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Sefer haYashar, Hebrew ספר הישר (also transliterated Sēfer haYāshār), "Book of the Upright", often only half-translated into English as Book of Jasher or as Book of Jashar.

There are a number of works with this name:

  • Sefer haYashar (Biblical references): A book mentioned in Joshua 10:13 and 2 Samuel 1:18.
  • An early Hebrew name of the Book of Genesis.
  • Rabbinical Treatises:
    • Sefer haYashar (Amoraim): A collection of sayings of the sages from the Amoraim period (1st and 2nd centuries) mentioned by Seymour J. Cohen in the introduction to Rabbi Zerahiah's Sefer Hayasher. Not known to be still in existence.
    • Sefer haYashar (Ibn Ezra): A commentary on the Pentateuch by the 12th century Rabbi Abraham Ibn Ezra.
    • Sefer haYashar (Abraham Abulafia) by the Kabbalist and philosopher Rabbi Abraham Abulafia.
    • Sefer haYashar (Rabbenu Tam): A famous 12th century treatise on Jewish ritual and ethics by Rabbeinu Tam.
    • Sefer haYashar (Rabbi Levita): The title of a moral treatise written by Rabbi Shabbatai Carmuz Levita in 1391 and preserved in a Vatican manuscript according to Edgar J. Goodspeed (in Modern Apocrypha, Famous Biblical Hoaxes [The Beacon Press, Boston, 1956])
    • Sefer haYashar (Rabbi Zerahiah ha-Yevani): A moral treatise of the 13th century published as Ha-Yewani Zerahiah, Sefer Hayashar, The Book of the Righteous, ed. and transl. by Seymour J. Cohen (New York, 1973).
    • Sefer haYashar (Rabbi Jonah ben Abraham): A 14th century work by Rabbi Jonah ben Abraham of Gerona mentioned by Seymour J. Cohen in his Sefer Hayashar. Not known to be still in existence.
  • Sefer haYashar (midrash): A book of Jewish legends covering the period from the creation of man to the first wave of the conquest of Canaan, not certain to have existed before 1625.
  • Book of Jasher (Pseudo-Jasher): An 18th century forgery alleging to be a translation of the lost book of Jasher by Alcuin.
  • Book of Jashar by Benjamin Rosenbaum. A fictional translation of the supposed Book of Jasher mentioned in 2 Samuel.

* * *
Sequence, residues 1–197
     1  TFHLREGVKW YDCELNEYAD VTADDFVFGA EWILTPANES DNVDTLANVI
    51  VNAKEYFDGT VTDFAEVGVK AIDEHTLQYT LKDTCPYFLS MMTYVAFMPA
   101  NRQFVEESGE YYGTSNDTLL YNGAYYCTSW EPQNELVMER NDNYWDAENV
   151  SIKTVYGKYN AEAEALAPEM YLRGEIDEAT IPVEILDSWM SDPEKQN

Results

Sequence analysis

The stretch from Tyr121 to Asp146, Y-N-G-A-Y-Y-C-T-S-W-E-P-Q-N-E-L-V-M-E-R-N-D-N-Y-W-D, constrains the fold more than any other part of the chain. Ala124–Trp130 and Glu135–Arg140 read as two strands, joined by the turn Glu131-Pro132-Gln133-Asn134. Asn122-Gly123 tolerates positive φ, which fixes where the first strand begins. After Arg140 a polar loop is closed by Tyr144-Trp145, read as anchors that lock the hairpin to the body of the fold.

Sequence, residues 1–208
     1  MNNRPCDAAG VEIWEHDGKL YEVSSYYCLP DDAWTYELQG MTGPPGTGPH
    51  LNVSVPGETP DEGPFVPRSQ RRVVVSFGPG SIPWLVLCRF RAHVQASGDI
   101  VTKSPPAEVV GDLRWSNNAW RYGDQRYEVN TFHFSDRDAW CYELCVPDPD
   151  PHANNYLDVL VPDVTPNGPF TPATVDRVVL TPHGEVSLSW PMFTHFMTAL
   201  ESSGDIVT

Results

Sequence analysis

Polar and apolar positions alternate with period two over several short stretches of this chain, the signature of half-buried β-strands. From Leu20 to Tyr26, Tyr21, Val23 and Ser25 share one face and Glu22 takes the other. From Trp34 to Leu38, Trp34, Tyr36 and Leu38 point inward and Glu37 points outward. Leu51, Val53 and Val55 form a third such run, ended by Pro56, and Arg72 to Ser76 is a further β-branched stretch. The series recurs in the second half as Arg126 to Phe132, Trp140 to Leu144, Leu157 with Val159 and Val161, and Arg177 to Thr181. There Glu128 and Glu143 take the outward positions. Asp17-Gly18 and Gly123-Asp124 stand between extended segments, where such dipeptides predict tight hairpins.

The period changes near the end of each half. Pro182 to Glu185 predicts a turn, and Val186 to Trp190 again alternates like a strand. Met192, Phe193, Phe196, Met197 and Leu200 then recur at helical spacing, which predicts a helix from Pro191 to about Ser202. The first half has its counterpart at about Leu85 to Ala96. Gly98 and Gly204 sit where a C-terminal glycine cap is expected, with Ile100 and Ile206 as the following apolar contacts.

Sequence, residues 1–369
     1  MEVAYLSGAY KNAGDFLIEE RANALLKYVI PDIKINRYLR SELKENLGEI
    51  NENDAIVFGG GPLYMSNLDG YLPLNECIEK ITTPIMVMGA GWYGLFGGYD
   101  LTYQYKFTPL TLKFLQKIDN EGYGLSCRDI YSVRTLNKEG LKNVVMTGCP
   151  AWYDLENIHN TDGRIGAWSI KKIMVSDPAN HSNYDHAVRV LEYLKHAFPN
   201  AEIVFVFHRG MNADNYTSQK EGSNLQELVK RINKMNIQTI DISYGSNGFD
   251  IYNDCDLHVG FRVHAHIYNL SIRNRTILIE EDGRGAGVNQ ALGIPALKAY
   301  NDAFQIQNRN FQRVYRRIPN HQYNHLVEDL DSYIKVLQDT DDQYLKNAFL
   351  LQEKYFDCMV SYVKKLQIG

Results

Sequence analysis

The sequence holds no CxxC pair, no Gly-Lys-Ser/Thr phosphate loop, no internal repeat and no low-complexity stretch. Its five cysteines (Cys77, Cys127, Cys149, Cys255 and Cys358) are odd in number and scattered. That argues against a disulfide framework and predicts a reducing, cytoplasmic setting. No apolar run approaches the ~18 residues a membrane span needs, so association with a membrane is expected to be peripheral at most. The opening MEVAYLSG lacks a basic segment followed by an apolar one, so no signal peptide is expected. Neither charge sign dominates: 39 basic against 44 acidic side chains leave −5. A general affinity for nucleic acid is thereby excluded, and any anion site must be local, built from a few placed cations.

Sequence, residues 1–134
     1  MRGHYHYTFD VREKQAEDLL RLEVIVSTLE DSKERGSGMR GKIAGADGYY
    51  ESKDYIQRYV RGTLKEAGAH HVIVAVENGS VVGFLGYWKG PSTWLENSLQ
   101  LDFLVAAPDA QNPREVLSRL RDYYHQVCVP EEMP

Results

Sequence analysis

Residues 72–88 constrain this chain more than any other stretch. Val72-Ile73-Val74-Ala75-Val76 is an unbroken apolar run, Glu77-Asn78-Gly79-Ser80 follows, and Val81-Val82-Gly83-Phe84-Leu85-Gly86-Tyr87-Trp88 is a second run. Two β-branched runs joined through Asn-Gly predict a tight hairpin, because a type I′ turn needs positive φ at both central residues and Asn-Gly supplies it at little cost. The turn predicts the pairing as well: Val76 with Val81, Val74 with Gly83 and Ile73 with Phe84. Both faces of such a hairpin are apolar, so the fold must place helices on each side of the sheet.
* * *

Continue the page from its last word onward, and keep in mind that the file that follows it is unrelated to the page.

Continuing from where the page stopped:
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Sefer haYashar, Hebrew ספר הישר (also transliterated Sēfer haYāshār), "Book of the Upright", often only half-translated into English as Book of Jasher or as Book of Jashar.

There are a number of works with this name:

  • Sefer haYashar (Biblical references): A book mentioned in Joshua 10:13 and 2 Samuel 1:18.
  • An early Hebrew name of the Book of Genesis.
  • Rabbinical Treatises:
    • Sefer haYashar (Amoraim): A collection of sayings of the sages from the Amoraim period (1st and 2nd centuries) mentioned by Seymour J. Cohen in the introduction to Rabbi Zerahiah's Sefer Hayasher. Not known to be still in existence.
    • Sefer haYashar (Ibn Ezra): A commentary on the Pentateuch by the 12th century Rabbi Abraham Ibn Ezra.
    • Sefer haYashar (Abraham Abulafia) by the Kabbalist and philosopher Rabbi Abraham Abulafia.
    • Sefer haYashar (Rabbenu Tam): A famous 12th century treatise on Jewish ritual and ethics by Rabbeinu Tam.
    • Sefer haYashar (Rabbi Levita): The title of a moral treatise written by Rabbi Shabbatai Carmuz Levita in 1391 and preserved in a Vatican manuscript according to Edgar J. Goodspeed (in Modern Apocrypha, Famous Biblical Hoaxes [The Beacon Press, Boston, 1956])
    • Sefer haYashar (Rabbi Zerahiah ha-Yevani): A moral treatise of the 13th century published as Ha-Yewani Zerahiah, Sefer Hayashar, The Book of the Righteous, ed. and transl. by Seymour J. Cohen (New York, 1973).
    • Sefer haYashar (Rabbi Jonah ben Abraham): A 14th century work by Rabbi Jonah ben Abraham of Gerona mentioned by Seymour J. Cohen in his Sefer Hayashar. Not known to be still in existence.
  • Sefer haYashar (midrash): A book of Jewish legends covering the period from the creation of man to the first wave of the conquest of Canaan, not certain to have existed before 1625.
  • Book of Jasher (Pseudo-Jasher): An 18th century forgery alleging to be a translation of the lost book of Jasher by Alcuin.
  • Book of Jashar by Benjamin Rosenbaum. A fictional translation of the supposed Book of Jasher mentioned in 2 Samuel.

External links

How Sefer Hayasher has Come Down to Us


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